Should I buy Hipgnosis stock or shares in Round Hill Music?

Hipgnosis Songs and Round Hill Music are two investment trusts offering me exposure to song royalties. I just have to decide which stock I want to buy.

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I have been looking for a dividend-paying stock to buy for my Stocks and Shares ISA portfolio. Hipgnosis Songs (LSE: SONG) and Round Hill Music (LSE: RHM) have both caught my eye. The pair are investment trusts that each own a portfolio of copyrights to songs and collect royalties for licensed use. The question is, which stock should I buy?

Going for a song

There are more comprehensive summaries of how music royalties work, but basically, copyright owners licence others to perform, stream, insert into video games and adverts and sell physical copies of their song in exchange for royalty payments. The holder of a portfolio of copyrights thus faces a couple of challenges. One is to get the songs played or performed. The second is to collect the royalties. Piracy is a risk to both companies. There is also the worry that music licensors get larger and use their power to reduce the payments made to copyright holders.

Round Hill, I think, has the edge here. Its team has run a song royalties business for a decade. However, Hipgnosis is no slouch, as its management team includes former music industry insiders.

Tracking performance

Round Hill is buying out the copyright catalogue of a private equity fund — owned and managed by the same parent company — that has reached the end of its life, in two tranches. The first tranche was completed in February 2021 at the cost of $282m. The second purchase is expected to finalise in June 2021 and would exhaust the funds raised so far.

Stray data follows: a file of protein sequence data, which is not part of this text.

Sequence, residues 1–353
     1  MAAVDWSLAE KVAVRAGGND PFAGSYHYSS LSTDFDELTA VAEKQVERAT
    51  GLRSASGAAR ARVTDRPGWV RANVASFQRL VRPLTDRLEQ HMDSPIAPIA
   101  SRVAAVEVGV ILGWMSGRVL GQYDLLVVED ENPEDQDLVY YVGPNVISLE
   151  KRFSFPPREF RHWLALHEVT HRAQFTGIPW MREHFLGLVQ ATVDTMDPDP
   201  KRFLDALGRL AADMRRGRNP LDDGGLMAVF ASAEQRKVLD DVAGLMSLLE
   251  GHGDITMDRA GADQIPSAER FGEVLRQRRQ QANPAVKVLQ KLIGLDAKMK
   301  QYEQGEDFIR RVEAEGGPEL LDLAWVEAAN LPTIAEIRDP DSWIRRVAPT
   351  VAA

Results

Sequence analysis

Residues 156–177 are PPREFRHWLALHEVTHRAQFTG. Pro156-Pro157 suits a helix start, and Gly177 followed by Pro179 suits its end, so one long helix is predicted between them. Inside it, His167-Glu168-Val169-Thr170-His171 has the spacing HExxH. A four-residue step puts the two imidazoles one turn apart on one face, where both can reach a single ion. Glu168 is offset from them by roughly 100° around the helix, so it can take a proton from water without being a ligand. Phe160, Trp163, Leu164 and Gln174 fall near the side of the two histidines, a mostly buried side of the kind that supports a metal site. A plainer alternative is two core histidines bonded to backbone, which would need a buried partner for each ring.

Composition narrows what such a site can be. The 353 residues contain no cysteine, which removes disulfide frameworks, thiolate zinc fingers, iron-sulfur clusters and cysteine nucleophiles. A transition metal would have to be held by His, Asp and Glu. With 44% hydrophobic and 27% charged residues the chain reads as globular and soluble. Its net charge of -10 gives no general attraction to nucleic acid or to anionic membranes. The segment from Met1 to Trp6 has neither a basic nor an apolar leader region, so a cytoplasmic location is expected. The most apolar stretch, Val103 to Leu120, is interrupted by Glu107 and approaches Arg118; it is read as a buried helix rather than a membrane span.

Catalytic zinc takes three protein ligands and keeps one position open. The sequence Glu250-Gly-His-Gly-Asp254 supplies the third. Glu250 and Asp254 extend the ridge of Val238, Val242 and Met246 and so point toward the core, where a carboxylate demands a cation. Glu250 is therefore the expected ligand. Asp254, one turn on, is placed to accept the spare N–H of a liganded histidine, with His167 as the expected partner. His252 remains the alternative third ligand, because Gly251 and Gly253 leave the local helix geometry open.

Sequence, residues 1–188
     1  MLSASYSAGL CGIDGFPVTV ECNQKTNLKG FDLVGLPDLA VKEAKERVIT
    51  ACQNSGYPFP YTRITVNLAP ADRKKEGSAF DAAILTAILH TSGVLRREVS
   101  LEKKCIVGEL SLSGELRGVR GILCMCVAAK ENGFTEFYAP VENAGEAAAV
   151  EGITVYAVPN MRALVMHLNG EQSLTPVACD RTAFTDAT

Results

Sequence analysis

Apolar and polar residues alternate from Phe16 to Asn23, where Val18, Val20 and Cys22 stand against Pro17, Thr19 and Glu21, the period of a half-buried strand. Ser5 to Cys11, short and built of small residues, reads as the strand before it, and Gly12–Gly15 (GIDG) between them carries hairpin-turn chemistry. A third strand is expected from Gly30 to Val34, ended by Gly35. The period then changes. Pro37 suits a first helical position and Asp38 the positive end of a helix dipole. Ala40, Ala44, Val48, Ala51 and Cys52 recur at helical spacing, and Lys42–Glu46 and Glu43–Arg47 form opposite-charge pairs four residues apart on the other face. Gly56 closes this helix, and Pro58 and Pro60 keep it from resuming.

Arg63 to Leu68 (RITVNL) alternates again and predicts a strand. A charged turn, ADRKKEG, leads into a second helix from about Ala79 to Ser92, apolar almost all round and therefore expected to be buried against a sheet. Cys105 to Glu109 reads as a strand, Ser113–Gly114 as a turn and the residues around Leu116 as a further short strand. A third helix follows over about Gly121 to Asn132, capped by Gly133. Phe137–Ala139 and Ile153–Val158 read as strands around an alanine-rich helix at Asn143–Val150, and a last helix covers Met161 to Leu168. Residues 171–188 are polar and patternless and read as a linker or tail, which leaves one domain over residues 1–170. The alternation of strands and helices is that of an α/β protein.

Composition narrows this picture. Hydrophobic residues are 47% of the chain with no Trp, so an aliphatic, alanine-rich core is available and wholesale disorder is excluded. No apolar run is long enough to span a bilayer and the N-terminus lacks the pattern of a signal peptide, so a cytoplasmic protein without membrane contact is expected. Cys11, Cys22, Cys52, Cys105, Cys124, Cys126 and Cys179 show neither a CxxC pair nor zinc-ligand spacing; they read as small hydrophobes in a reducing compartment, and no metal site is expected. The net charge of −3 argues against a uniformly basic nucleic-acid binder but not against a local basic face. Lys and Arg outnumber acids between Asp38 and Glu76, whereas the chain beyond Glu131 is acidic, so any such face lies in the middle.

Although private equity assets are independently valued, related-party transactions always make me uneasy. The fund has provided annual revenue numbers for the first tranche of investments from its private equity fund. But there are no operating numbers for the private fund or Round Hill, which has just started.

On the other hand, Hipgnosis has a couple of years of financial data and has built its portfolio from scratch. I will ignore the 800% revenue growth, as Hipgnosis is only a couple of years old and building its portfolio. What is impressive are the net income margins of 33% for 2019 and 39% for 2020. And Hipgnosis has already paid dividends and yields somewhere between 4.2% and 4.4%.

Hipgnosis stock is a buy for me

Almost half of Hipgnosis’s current portfolio is pop music, and the majority of songs were penned within the last 10 years, but there are many contemporary classics in there. According to my calculations, Round Hills portfolio is more focused on rock and country (60% combined) and mature. Although the portfolios are converging, Round Hill’s does tilt towards the timeless classics, with Hipgnosis offering a more contemporary feel.

Song popularity peaks and declines sharply in most cases, and so do the royalty flows. More of Round Hill’s portfolio is likely to be past the peak compared to Hipgnosis’s. However, Hipgnosis’s portfolio is getting less pop-centric and older, suggesting it is building a firmer revenue base.

I favour more financial clarity over less, which, together with the portfolio convergence, makes the Hipgnosis stock a buy for me. Of course, I have the option to take another look at the pair once Round Hill can provide some performance figures.

Should you invest, the value of your investment may rise or fall and your capital is at risk. Before investing, your individual circumstances should be assessed. Consider taking independent financial advice.

James J. McCombie owns shares in Hipgnosis Songs Fund. The Motley Fool UK has no position in any of the shares mentioned. Views expressed on the companies mentioned in this article are those of the writer and therefore may differ from the official recommendations we make in our subscription services such as Share Advisor, Hidden Winners and Pro. Here at The Motley Fool we believe that considering a diverse range of insights makes us better investors.

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